Photograph by Steven Senne
6:15 pm 13 notes
They aren’t flowers, of course. They are more like ice sculptures that grow on the border between the sea and air. On Sept. 2, 2009, the day Jeff’s colleague Matthias Wietz took these pictures, the air was extremely cold and extremely dry, colder than the ocean surface. When the air gets that different from the sea, the dryness pulls moisture off little bumps in the ice, bits of ice vaporize, the air gets humid — but only for a while. The cold makes water vapor heavy. The air wants to release that excess weight, so crystal by crystal, air turns back into ice, creating delicate, feathery tendrils that reach sometimes two, three inches high, like giant snowflakes. The sea, literally, blossoms.
3:31 pm 42 notes
Evolution of Type series by Andreas Scheiger
2:25 pm 575 notes
The black dragonfish (Idiacanthus atlanticus), like many deep sea fish, can produce its own light.
It is covered with photophores along lower and upper surfaces, and has photophores under its eyes and at the end of its long barbel. When disturbed it lights up all over, even down the lengths of its fins.
However, unlike almost all the other bioluminescent organisms in the ocean, it can glow and perceive a red as well as blue-green light.
The light of the black dragonfish can be such long wavelengths that it is almost infrared and barely visible to the human eye. The ability to produce this type of light gives the black dragonfish an enormous advantage over its prey as it can find its way to unsuspecting prey through the deep dark depths of the ocean.
2:16 pm 13,607 notes
In 2007, the Department of Water Protection in Los Angeles detected high levels of bromate, a carcinogen that forms when bromide and chlorine react with sunlight, in Los Angeles’s Ivanhoe Reservoir. Bromide is naturally present in groundwater and chlorine is used to kill bacteria, but sunlight is the final ingredient in the potentially harmful mix. When the Department of Water Protection realized the problem, they began construction of a new underground reservoir in Griffith Park, but while the new facility was being built they had to determine a way to keep the sunlight out of the water.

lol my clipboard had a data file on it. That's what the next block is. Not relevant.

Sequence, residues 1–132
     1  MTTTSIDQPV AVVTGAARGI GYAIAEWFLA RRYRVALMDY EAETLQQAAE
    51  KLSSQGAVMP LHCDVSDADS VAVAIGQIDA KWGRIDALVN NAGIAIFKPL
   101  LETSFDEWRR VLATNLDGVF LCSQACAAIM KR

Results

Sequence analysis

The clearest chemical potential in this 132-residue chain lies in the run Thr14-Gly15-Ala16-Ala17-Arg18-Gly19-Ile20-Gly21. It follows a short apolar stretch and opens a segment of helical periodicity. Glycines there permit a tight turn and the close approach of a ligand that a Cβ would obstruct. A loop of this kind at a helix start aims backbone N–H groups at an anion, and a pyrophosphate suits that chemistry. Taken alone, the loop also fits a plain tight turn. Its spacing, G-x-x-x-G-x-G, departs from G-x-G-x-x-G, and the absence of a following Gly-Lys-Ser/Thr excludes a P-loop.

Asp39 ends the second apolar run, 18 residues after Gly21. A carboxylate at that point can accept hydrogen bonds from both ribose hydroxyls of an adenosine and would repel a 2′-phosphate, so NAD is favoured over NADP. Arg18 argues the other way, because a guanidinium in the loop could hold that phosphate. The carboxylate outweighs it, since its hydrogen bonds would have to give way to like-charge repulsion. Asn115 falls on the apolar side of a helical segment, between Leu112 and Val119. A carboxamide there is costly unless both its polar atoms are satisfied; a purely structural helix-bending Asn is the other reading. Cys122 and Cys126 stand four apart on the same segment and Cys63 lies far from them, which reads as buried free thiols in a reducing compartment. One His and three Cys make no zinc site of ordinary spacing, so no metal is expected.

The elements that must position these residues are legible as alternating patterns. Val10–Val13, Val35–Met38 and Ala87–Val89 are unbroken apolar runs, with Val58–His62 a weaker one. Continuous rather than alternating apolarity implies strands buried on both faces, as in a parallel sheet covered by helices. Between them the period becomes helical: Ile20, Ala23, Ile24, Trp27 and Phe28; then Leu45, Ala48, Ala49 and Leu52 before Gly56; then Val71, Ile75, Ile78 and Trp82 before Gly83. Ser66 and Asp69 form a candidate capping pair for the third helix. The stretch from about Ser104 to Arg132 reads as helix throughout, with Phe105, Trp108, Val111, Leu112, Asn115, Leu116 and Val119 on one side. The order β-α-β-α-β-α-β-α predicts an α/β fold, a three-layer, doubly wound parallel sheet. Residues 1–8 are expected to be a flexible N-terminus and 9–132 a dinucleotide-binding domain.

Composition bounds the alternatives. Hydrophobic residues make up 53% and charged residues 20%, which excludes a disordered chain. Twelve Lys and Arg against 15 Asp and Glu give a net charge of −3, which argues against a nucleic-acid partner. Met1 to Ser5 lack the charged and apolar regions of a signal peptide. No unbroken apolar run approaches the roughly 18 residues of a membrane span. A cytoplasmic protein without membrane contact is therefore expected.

2:07 pm 189 notes
Sparkling Enope squid (also known as the flirefly squid)
They are about 15.24 cm (roughly 6 inches) and die after only one year of life. Found in the Western Pacific ocean, they live at depths of 183-366 meters and only comes up to the surface at night to show off their brilliant bioluminescence. The photophores, the organs that produce the light, are located at the end of each tentacle.
They are the only species of cephalopod that have evolved to be able to see color in three visual pigments. Scientists think that this is to help them distinguish between ambient light and their own bioluminescence. The firefly squid lights up for two reasons: the lights on the tentacle can flash to attract fish that the squid feed on and the squid can light up its entire body to attract a mate during the months of March to June.
1:55 pm 8 notes
Evolution of Type series by Andreas Scheiger
1:43 pm 10 notes
Powering the Cell: Mitochondria
The animation highlights the creation of Adenosine Triphosphate (ATP) — mobile molecules which store chemical energy derived from the breakdown of carbon-based food. ATP molecules act as a kind of currency, imparting chemical energy to power all the functional components of cellular activity.